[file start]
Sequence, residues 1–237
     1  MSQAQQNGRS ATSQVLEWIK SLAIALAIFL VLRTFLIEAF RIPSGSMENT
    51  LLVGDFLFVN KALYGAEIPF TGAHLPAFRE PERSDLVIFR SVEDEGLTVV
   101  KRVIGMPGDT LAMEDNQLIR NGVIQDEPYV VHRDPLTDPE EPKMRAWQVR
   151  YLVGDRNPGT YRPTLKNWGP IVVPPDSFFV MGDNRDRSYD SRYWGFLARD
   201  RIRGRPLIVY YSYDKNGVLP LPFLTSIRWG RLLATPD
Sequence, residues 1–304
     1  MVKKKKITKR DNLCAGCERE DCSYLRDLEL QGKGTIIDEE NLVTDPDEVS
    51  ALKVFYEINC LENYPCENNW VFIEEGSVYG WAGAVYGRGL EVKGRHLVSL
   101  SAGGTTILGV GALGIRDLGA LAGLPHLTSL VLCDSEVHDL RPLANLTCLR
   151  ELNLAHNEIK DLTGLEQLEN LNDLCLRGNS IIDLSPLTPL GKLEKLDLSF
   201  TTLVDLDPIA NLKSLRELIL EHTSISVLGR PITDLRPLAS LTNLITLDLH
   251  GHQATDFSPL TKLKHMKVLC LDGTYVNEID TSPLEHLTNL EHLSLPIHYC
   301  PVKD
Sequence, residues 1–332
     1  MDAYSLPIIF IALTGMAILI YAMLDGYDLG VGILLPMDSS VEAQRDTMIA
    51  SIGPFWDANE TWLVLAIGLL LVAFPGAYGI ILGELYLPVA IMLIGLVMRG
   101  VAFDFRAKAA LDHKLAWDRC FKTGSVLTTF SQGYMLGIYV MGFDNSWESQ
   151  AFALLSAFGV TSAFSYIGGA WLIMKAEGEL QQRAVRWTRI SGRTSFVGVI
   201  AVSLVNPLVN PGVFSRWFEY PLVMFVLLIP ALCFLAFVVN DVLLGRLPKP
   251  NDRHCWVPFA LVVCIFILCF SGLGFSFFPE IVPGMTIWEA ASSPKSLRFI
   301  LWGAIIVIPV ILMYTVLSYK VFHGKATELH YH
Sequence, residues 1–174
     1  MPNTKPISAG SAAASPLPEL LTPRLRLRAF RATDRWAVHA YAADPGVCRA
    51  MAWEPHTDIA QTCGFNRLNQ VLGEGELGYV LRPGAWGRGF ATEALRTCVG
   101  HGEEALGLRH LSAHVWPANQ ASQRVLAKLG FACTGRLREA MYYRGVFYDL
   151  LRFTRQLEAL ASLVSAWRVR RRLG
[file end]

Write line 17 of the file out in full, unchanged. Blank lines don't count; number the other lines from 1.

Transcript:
    51  SIGPFWDANE TWLVLAIGLL LVAFPGAYGI ILGELYLPVA IMLIGLVMRG